I guess sometimes we just have to live through stuff and do our best to make lemonade out of lemons. As my ex-husband always said, “the path you’re on is not always the path you’re on.”
I wanted to be a singer. I must have really wanted it because the universe threw lots of obstacles in the way but I just kept right on going. Even though in high school I had won a tri-state competition to sing with a community orchestra, received annual number “one” ratings in vocal competitions from solos to sextets every year, and had studied voice with the Director of the notorious St. Olaf choir, when I got to the University of Iowa, I was assigned a graduate student as a voice teacher. Over the course of the next two years, I had 3 of them because they kept graduating and leaving. I just allowed this. I didn’t like it but I was too intimidated to do anything about it. I thought I was good enough to get better treatment from the University, but because my self-esteem was so low, I didn’t know what to do about it. All those teachers were happy to work with me but…………….Opera wasn’t my passion anyway. I just wanted the degree and voice was STILL my major instrument. Nothing to do but keep going and try to make some lemonade.
The summer before I was to do my senior recital, I was arbitrarily assigned a staff voice teacher who was on staff just for the summer. We “clicked” and she could not believe I had not been placed in a major studio. We were preparing for my senior recital. She became my mentor. After the summer, she offered to teach me privately, but I had to get special permission to receive credit and to do my senior recital with her. She suggested it because she had done that before with someone else. There was a precedent. Shouldn’t be a problem. However, when I sat down with the School of Music Department Head and explained my situation, he said, “NO.” “But it’s been done before,” I retorted. “Well, we have to draw the line somewhere.” I left his office feeling totally defeated. My mentor and I were both very disappointed. But, she talked to one of the professors and I ended up in a major studio for my senior recital preparation. My recital was a huge success with family and friends attending, but my recital jury (two other voice professors) did not show up. You see, my dress rehearsal had not gone well. My professor came in, listened to one piece and walked out!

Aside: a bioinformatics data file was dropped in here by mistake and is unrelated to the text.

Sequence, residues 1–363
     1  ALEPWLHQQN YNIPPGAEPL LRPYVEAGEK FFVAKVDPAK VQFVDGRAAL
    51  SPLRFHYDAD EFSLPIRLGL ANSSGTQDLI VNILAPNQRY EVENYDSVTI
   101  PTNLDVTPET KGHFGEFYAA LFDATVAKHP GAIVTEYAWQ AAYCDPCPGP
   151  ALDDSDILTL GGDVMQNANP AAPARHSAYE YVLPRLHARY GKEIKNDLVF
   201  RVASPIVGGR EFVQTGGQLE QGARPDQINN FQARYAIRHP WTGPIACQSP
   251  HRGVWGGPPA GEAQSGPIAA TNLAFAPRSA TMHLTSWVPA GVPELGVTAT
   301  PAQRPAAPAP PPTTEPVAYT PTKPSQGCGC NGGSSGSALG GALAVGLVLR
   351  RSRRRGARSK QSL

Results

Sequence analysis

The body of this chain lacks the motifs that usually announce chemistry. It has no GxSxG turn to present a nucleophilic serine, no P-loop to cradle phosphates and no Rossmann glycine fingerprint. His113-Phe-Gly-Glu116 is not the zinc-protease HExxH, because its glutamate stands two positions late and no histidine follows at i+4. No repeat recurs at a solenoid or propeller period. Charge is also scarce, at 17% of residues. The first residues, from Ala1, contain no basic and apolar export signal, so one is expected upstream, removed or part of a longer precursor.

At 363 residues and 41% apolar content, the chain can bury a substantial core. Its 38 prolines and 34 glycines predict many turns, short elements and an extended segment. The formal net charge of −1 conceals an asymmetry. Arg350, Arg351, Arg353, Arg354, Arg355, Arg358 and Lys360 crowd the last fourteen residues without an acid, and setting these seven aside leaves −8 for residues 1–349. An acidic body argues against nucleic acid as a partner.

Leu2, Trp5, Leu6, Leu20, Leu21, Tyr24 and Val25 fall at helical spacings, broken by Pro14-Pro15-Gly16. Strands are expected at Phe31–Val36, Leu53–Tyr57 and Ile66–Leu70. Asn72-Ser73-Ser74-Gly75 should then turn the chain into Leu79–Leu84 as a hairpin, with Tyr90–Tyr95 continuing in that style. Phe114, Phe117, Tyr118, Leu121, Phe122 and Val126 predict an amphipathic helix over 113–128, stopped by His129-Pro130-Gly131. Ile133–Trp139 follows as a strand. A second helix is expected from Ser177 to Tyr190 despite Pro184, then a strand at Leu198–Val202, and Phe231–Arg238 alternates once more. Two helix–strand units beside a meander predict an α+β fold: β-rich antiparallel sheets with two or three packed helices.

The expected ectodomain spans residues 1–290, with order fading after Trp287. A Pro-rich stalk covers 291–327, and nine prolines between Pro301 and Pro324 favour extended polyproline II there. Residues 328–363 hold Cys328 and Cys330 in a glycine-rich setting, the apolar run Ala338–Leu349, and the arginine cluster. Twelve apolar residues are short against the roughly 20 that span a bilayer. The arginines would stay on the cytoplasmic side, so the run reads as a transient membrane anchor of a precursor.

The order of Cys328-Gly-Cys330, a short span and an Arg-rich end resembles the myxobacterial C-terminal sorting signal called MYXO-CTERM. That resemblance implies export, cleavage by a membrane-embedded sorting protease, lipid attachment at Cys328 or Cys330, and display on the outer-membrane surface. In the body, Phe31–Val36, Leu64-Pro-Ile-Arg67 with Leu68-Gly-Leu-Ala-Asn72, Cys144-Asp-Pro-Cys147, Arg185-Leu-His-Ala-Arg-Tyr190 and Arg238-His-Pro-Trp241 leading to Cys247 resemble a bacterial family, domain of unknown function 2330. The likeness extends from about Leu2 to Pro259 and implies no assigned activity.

Yeah, I was a little upset. But all my instrumentalists urged me on. We had rehearsed. They knew what I could do. They liked their roles in the program. So we all got it together during the course of the dress rehearsal and the recital was GREAT! The person recording it even told me it was one of the best and most interesting he had recorded. I kid you NOT! I chose music from different time periods to make it interesting and to accentuate my versatility and to satisfy my interest in various styles. I even performed a contemporary piece for flute and voice written by my best friend (and practically only) friend from St. Olaf days who also attended! It was a grand event. Surprised the hell out of my voice professor how well it went. I think she feared embarrassment and told my jury not to come, maybe? Whatever. She said she would pass me anyway and told me some lame excuses why they weren’t there. Ahhhhhhhhhhh Lemonade!
I continued to study voice privately with another professor at the university even after I graduated. I remember the day he told me, “too bad I didn’t have you in my studio. I would have made a singer outa you.” I didn’t know whether to laugh or cry. So I sang.
I studied voice with a couple of other voice teachers I discovered through a new age-y group I rolled with in those days. So I was always studying voice. One day I said to my good friend, I think I need some more voice lessons. She said, “why? You should be teaching it by now!” She was right.
When I was assessing my skills after the 9,000 bike trip that took me to Texas, I decided to start teaching voice privately – along with piano and guitar.
I learned so much from all those different teachers. Over the years I have developed a technique that works with pretty much anyone open to learning a ‘technique’. I call it ‘effortless singing’. I wanted to be a singer. I AM a singer and now I have acquired the skills to be a teacher. I don’t know if I would be able to do what I do now had I not had all those dang voice teachers! The path I was on, was not the path I was on. Opera was never my passion. I appreciate those operatic voices. But I wasn’t going to sing opera. I was not listening to opera. I can teach in that style, but now I’ve spent years learning how to use my voice as an instrument so I can sing in a variety of styles – styles for which I DO have a passion. I did it! I acquired skills. And because I can now be grateful for my path and drink the lemonade, I welcome you to come down my path and experience my Effortless Music Instruction.
© 2015 Moondance Treasures Music Publishing